Ann Child Neurol Search

CLOSE


Ann Child Neurol > Volume 29(4); 2021 > Article
Park, Park, Bae, and Kim: Developmental Delay in Children with X-Linked Ichthyosis: A Case Series
X-linked ichthyosis (XLI; MIM #308100) is a dermatologic disorder characterized by large, dark brown scales similar to fish scales. It starts primarily on the extensor surfaces and the side of the trunk symmetrically, becomes widely distributed, and then disappears throughout childhood. Most cases of XLI are caused by mutations in the steroid sulfatase (STS) gene (online Mendelian inheritance in men [OMIM] * 300747), which is located on the short arm of the X chromosome at Xp22.3 and encodes the STS enzyme [1]. Most XLI patients (90%) have large deletions within or including STS [2]. These patients display various clinical symptoms, as well as skin lesions. Baek and Aypar [3] reported a 5-year-old girl who presented with mild autism, attention-deficit hyperactivity disorder (ADHD), and dry, scaly skin on the body. A chromosomal microarray (CMA) revealed a large deletion, including STS and neuroligin 4, OMIM*300427 (NLGN4), associated with ADHD and autism [3]. Here, we report three children with XLI and developmental delay. We confirmed XLI and the presence of a large deletion through CMA with a single-nucleotide polymorphism (SNP) array and also investigated other associated clinical symptoms.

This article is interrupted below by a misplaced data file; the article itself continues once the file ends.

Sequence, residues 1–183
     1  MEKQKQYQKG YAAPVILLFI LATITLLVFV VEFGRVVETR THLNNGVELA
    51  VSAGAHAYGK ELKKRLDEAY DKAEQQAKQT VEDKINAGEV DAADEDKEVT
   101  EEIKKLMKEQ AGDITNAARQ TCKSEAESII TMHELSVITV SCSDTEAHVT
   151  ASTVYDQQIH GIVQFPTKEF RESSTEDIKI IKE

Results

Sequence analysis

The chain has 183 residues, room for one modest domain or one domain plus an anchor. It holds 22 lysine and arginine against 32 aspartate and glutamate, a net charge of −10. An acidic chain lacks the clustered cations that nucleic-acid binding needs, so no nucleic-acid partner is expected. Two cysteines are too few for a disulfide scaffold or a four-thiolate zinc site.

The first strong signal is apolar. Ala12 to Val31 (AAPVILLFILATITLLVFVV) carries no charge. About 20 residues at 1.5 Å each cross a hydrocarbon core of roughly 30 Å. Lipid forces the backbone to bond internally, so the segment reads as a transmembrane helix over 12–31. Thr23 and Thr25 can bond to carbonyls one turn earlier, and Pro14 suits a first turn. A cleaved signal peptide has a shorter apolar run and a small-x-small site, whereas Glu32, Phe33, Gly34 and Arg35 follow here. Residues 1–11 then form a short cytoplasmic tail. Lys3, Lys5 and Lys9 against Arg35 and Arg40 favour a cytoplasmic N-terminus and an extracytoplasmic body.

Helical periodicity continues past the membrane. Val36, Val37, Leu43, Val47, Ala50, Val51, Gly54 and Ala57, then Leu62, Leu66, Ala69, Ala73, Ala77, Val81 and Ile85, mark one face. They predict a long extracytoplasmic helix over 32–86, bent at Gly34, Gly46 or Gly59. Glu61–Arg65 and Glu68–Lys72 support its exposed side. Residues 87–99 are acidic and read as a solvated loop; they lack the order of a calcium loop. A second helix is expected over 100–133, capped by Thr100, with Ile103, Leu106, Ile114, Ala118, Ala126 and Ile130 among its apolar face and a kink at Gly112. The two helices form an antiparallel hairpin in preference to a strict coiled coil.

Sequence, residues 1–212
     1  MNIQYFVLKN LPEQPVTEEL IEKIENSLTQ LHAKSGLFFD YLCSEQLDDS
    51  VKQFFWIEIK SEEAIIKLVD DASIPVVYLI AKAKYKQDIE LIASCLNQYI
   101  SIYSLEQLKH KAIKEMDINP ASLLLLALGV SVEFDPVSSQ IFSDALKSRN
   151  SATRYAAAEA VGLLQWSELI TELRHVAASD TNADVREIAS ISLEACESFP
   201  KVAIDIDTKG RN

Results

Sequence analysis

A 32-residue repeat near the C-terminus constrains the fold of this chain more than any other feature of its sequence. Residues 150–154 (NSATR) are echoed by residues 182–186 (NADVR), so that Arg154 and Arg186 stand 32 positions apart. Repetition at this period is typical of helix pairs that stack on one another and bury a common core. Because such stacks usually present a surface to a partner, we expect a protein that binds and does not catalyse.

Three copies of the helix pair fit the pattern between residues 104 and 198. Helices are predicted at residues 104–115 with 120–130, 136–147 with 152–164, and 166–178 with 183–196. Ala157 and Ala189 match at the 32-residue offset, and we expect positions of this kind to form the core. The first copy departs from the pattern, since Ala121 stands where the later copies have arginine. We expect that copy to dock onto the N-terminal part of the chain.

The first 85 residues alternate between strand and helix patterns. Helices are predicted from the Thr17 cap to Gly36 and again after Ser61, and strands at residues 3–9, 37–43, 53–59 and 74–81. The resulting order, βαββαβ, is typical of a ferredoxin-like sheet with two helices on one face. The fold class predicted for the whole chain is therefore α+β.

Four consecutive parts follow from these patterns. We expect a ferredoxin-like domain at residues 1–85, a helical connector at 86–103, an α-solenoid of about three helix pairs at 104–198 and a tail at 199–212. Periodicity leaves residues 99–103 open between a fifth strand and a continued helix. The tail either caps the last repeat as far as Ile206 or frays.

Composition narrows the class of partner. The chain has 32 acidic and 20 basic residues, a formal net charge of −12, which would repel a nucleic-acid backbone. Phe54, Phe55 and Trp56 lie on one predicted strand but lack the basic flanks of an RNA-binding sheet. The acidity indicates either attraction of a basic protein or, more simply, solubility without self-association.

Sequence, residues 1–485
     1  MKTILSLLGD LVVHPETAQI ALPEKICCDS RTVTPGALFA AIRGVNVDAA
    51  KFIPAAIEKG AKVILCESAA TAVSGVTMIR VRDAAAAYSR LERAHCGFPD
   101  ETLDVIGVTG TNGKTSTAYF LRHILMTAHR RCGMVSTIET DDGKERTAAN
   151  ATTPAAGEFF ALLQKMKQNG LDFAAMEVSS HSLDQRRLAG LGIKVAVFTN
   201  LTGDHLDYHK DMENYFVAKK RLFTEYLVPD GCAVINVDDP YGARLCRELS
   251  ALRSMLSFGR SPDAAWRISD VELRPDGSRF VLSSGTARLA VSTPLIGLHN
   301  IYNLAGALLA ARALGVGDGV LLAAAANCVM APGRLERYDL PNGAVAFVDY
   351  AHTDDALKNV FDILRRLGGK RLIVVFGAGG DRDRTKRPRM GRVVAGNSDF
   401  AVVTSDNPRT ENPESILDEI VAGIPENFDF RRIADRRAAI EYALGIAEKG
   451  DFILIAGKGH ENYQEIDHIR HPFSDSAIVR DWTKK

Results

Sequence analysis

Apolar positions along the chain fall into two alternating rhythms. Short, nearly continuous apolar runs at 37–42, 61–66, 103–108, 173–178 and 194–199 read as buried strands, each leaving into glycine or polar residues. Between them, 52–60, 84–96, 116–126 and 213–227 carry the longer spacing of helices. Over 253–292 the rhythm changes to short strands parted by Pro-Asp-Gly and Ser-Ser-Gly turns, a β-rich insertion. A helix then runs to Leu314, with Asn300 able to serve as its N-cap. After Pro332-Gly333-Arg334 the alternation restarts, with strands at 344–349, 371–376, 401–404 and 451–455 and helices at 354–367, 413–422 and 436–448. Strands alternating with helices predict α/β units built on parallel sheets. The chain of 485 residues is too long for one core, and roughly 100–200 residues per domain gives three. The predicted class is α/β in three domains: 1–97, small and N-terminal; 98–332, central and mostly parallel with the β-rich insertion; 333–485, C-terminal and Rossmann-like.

The clinical characteristics of the three patients and their CMA results are summarized in Table 1. Patient 1 was a 7-year-old boy who was born at 35 weeks 6 days by cesarean section due to maternal preeclampsia. His birth weight was 1,886 g and he showed intrauterine growth retardation. He underwent surgery due to coarctation of aorta on day 6 after birth. At 12 months of age, he presented with a nevus on his forehead, dry and scaly skin, increased muscle tone, and global developmental delay. No family members had the typical skin lesions of XLI. Magnetic resonance imaging (MRI) of the brain and an electroencephalogram (EEG) were normal. The karyotype was normal. The patient received continued rehabilitation, but the developmental delay did not improve appreciably. He showed no sign of autism or ADHD. His full-scale intelligence quotient (FSIQ) was 35 to 40 and social quotient (SQ) was 37. CMA was performed with a CytoScan 750K array (Affymetrix, Santa Clara, CA, USA) according to the manufacturer’s recommendations in all three patients. The SNP array revealed a deletion of approximately 1.7 Mb at Xp22.31 (6,455,151 8,141,076). The deleted region included several genes, such as variably charged, X chromosome, 3A, OMIM*300533 (VCX3A), haloacid dehalogenase-like hydrolase domain-containing 1A, OMIM*306480 (HDHD1A), STS, VCX (OMIM * 300229), and patatin-like phospholipase domain-containing protein 4, OMIM*300102 (PNPLA4). The patient was diagnosed as having XLI with intellectual disability. At 9 years of age, he presented with general tonic seizures and focal interictal discharge over the occipital area on EEG at the onset of the seizure. We diagnosed the patient with epilepsy. The patient is now 11 years of age and has epilepsy, myopia, and scoliosis. He cannot speak any words and cannot sit or walk alone.